GameDev News


7. August 2018


With CopperCube 6 recently being made available in a free form, we decided to do a complete tutorial series over on devga.me that should get users up and running creating complete 3D games using CopperCube in well under an hour.

The series consist of:

Getting Started

Creating a Terrain

Creating a Camera

Programming Your Game

Collisions and Physics

Extending CopperCube

Scenes and Rooms

Importing Your Own Assets

Additionally there is a video tutorial covering all of the above topics available here and embedded below.

Programming Design Art


2. August 2018


The Toy Engine was just released yesterday.  The Toy Engine is a cross platform modular C++ open source game engine currently available under the GPL license.  The engine is quite young so you should expect some instability and missing features.  The developer @HugoAM has been very responsive to feedback and has announced that the license will be changed to something more permissive in time.  The source code is available now on GitHub.


The guiding design principals behind the Toy engine are:

  • simple and lightweight, simplicity is the core aim and philosophy behind toy. the codebase is about one-tenth the size of competing engines, and toy is so light, the whole editor runs in your browser !
  • modular, each functionality is enclosed in a small, simple, easy to understand code building block. most of these blocks lie in the underlying mud library.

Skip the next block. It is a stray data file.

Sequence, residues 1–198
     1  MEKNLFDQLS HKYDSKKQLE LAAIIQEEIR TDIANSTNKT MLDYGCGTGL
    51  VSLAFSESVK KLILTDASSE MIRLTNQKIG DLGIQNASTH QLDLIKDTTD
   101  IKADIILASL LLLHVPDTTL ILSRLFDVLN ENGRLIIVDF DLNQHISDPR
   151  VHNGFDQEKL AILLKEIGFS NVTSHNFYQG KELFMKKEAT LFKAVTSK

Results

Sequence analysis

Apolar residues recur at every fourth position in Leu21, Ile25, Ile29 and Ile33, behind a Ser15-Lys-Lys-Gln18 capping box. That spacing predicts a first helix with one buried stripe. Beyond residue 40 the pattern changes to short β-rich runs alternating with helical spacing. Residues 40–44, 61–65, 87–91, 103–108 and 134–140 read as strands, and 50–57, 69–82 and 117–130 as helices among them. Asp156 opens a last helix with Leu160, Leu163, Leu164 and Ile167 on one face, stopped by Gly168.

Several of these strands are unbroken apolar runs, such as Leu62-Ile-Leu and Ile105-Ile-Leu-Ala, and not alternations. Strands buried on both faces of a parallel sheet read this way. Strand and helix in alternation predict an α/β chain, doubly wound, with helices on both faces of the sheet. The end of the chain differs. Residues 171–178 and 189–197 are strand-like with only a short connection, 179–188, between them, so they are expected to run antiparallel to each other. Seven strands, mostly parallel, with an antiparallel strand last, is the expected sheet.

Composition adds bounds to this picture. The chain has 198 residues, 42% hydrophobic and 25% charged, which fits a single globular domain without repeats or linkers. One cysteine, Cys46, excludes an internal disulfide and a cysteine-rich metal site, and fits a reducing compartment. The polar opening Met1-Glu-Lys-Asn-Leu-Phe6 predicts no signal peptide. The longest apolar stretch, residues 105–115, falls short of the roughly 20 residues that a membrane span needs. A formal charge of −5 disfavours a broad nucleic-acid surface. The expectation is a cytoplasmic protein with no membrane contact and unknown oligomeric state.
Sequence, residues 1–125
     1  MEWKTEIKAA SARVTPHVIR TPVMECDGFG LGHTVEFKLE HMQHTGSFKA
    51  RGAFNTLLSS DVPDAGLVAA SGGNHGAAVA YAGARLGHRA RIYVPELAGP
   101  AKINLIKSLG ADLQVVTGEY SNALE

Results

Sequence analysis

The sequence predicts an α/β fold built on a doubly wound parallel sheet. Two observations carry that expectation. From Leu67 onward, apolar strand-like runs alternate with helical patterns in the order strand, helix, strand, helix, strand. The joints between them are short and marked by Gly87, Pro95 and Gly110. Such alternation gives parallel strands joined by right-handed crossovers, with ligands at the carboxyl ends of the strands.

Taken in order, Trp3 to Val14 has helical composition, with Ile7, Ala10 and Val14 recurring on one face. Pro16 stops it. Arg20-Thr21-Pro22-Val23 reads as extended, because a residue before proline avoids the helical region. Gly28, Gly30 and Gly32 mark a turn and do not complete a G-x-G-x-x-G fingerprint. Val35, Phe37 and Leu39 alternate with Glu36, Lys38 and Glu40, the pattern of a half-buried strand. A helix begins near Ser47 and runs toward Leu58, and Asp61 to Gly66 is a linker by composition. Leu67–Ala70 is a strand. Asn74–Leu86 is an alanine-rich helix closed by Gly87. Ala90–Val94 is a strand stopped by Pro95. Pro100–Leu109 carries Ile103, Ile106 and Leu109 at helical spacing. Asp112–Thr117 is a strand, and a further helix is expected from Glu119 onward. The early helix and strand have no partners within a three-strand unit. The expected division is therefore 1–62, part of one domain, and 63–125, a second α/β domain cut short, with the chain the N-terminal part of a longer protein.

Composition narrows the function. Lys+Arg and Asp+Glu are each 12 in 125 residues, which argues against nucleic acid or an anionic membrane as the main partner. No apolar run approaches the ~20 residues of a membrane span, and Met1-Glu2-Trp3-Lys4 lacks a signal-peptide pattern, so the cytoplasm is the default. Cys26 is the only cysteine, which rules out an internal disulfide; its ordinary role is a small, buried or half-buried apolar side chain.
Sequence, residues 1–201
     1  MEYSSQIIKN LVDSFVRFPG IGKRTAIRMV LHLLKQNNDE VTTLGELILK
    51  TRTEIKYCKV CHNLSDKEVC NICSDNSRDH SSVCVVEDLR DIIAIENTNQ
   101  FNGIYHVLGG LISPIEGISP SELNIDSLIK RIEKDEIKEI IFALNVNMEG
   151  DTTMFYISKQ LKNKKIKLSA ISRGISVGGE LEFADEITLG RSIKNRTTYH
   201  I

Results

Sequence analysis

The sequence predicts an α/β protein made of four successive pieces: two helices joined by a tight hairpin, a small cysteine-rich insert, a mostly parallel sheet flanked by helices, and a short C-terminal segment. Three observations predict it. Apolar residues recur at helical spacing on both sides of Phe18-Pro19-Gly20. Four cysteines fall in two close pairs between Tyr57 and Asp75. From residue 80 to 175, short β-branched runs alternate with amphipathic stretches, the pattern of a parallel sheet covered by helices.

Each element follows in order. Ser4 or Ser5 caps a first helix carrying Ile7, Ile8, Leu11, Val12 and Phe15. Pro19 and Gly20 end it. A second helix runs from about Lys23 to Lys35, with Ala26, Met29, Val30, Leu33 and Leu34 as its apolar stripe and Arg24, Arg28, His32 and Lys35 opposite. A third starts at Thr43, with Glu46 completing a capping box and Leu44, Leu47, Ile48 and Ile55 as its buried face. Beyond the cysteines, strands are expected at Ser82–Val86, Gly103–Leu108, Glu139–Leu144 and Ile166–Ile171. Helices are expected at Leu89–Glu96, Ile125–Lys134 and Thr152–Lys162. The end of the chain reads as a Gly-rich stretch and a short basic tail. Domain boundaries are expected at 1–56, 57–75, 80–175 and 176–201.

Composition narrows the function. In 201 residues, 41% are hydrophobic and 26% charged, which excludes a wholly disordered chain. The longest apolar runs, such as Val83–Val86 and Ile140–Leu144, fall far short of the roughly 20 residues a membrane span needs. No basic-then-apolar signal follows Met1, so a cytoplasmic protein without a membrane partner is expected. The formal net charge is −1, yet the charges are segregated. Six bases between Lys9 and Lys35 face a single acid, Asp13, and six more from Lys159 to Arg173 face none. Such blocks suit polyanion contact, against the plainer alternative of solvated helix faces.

• extensible, as a collection of modules, toy is a perfect fit to build your own game technology, keeping full control over the components you use, the application design and the control flow.
  • game code first, toy is first and foremost meant to build games in native c++ code, in direct contact with the core systems. this allows for much greater control than typical scripting in-engine.
  • versatile, toy is designed from the start with complex games in mind, such as strategy or role playing games, by giving full control over its powerful user interface and rendering systems.
  • zero-cost tools, reflection automatically extends your game core code for seamless scripting, editing, inspection of your game objects, types and procedures in the built-in tools/editor.
  • educative, toy aims to provide simplest technical solutions to typical game programming problems, easily studied and understood, hoping to be a driver of education on game development topics.
  • fast iteration, coupling seamless bindings of both built-in systems and game code to various scripting languages, hot-reload of native code, and immediate UI and rendering, toy provides fast iteration speeds.